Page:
Although women have made great strides towards equality, the gender pay gap still persists around the world.
For example, in the US, the average woman is paid 82% of what the average man earns, whether she works part or full-time.
This phenomenon can’t be explained by a single factor or theory, but psychologists believe that achievement motivation might have a useful role to play in understanding the divide.
A recent study published in Oxford Economic Papers examined the impact of personality traits on the gender wage gap.
The researchers were interested in exploring the relationship between wage rates and confidence.
Specifically, they wanted to know whether people who felt more confident in tackling challenges earned higher wages.
To assess their participants’ confidence, they measured their Achievement Motivation.
What is Achievement Motivation?
Achievement Motivation is defined by the researchers as a person’s desire to learn a new skill or complete a task to a high level.
Someone high in Achievement Motivation takes pride in developing their skills and proving their competence to themselves and others.
Previous research has shown it is actually made up of two parts:
Hope for success, and fear of failure.
In other words, people who push themselves to succeed not only want glory and accomplishment, but to avoid the feeling that they have failed to live up to their potential.
When measured together, these two components yield an overall Achievement Motivation score that represents a person’s general confidence in testing their own abilities and tackling challenges head-on.
In this study, the researchers measured differences in Achievement Motivation in men and women, and used the results in conjunction with economic data to model relationships between personality traits and wages in both sexes.
What else did the researchers measure?
Along with Achievement Motivation, they measured the so-called “Big Five” personality traits in both sexes:
Openness to experience, Conscientiousness, Extraversion, Agreeableness, and Neuroticism.
What were the key findings?
- Compared to women, men report a stronger hope for success and lower fear of failure.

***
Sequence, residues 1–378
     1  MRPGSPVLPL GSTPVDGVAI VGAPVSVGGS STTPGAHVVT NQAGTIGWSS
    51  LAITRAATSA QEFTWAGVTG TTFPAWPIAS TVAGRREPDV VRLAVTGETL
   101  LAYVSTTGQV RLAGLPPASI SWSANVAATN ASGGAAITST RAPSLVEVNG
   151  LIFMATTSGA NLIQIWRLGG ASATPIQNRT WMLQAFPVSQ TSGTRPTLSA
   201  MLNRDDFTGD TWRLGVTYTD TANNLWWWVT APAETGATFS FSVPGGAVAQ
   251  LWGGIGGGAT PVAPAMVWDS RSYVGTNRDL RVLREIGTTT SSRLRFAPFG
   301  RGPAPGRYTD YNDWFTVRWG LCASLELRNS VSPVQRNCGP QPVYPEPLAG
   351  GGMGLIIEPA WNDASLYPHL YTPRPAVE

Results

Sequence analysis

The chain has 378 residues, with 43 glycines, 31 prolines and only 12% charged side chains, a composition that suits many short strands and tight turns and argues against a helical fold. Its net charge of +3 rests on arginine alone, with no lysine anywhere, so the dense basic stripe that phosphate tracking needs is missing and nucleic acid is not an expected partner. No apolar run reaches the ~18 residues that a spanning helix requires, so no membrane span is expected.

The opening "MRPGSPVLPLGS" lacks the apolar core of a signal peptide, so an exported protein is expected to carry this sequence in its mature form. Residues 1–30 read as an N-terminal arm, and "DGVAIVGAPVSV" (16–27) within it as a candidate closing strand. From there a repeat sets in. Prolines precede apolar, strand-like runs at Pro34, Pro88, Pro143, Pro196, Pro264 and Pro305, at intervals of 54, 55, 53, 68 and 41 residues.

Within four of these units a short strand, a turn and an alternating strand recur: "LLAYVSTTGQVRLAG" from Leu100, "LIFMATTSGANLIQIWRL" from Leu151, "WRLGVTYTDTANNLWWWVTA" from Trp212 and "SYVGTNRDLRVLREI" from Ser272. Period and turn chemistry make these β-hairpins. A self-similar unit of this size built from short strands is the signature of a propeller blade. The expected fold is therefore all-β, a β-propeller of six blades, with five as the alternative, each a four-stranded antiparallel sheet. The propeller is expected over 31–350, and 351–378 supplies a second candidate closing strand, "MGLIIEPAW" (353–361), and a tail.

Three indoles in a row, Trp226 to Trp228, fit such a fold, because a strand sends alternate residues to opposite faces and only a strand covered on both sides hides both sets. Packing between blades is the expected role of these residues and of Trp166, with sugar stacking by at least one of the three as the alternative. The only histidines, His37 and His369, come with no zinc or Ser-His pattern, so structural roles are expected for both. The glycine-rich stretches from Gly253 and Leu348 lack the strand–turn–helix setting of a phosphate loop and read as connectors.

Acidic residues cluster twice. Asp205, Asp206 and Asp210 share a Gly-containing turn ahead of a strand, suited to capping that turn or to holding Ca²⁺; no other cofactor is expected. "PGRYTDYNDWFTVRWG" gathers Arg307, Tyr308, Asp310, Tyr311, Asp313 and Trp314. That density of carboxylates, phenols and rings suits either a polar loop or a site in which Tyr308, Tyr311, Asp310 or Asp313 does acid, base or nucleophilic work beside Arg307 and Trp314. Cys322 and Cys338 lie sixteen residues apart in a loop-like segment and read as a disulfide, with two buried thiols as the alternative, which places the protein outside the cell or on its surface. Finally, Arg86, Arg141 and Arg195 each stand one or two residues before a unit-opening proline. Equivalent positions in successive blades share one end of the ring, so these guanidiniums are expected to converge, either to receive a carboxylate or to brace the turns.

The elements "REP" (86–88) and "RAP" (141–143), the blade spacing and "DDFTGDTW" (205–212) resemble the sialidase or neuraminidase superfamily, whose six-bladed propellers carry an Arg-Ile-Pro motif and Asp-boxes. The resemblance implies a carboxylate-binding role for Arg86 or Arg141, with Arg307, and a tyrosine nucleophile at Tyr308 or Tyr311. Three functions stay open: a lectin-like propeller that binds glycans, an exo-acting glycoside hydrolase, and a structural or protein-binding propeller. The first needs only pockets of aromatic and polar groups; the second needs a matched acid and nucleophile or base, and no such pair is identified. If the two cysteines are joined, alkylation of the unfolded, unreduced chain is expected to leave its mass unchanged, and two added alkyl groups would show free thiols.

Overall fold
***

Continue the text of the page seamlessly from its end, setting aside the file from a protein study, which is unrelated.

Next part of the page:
- Men tend to be less agreeable than women.
- Women tend to be more conscientious than men.
What do these findings mean?
In summary, women have a greater fear of failure relative to men, and this may hold them back when it comes to mastering and demonstrating new skills in the workplace.
Because they find failure a terrifying prospect, they are less motivated to push their limits at work for fear of falling short. This translates to fewer promotions, less bargaining power, and lower wages.
The relationship between personality and earnings
As you may expect, conscientiousness is associated with higher productivity in the workplace.
Given that women are more conscientious – and, therefore, possibly more productive and reliable – than men, you might expect them to earn more.
However, because the average man is less agreeable than the average woman, men as a group may be more willing to put themselves and their ideas forward at work.
As a result, they are in a position to advance more quickly, and to earn higher wages.
They may not necessarily be as competent or reliable, but if they are quicker to place themselves in challenging positions, argue for promotions, and negotiate for higher salaries, they stand to earn considerably more in the long term.
How might early socializing contribute to these findings?
So, why do women have less faith in their abilities and find the thought of failing to be so uncomfortable?
The authors of the study believe that men are taught from a young age that they can and should aspire to leadership roles and occupational success.
On the other hand, women are taught that they should put others’ feelings before their own and aspire to agreeableness.
When they enter the working world, men are generally much more confident and self-assured, whereas women are more inclined to seek approval rather than strive for achievement.
How can we help women overcome their fear of failure and boost their Achievement Motivation?
By mentoring women and offering them the chance to take part in personal development programs, employers may be able to bridge the confidence gap and encourage women to take more risks at work.
At the same time, companies need to make sure that they create inclusive working environments that praise proportionate risk-taking in employees of both sexes.
For example, if a male employee is praised and rewarded for taking on a major challenge or boldly putting himself forward for a promotion, female employees should be given the same treatment.
Only by changing the way we work ,and the messages we send to men and women, can we hope to achieve true equality.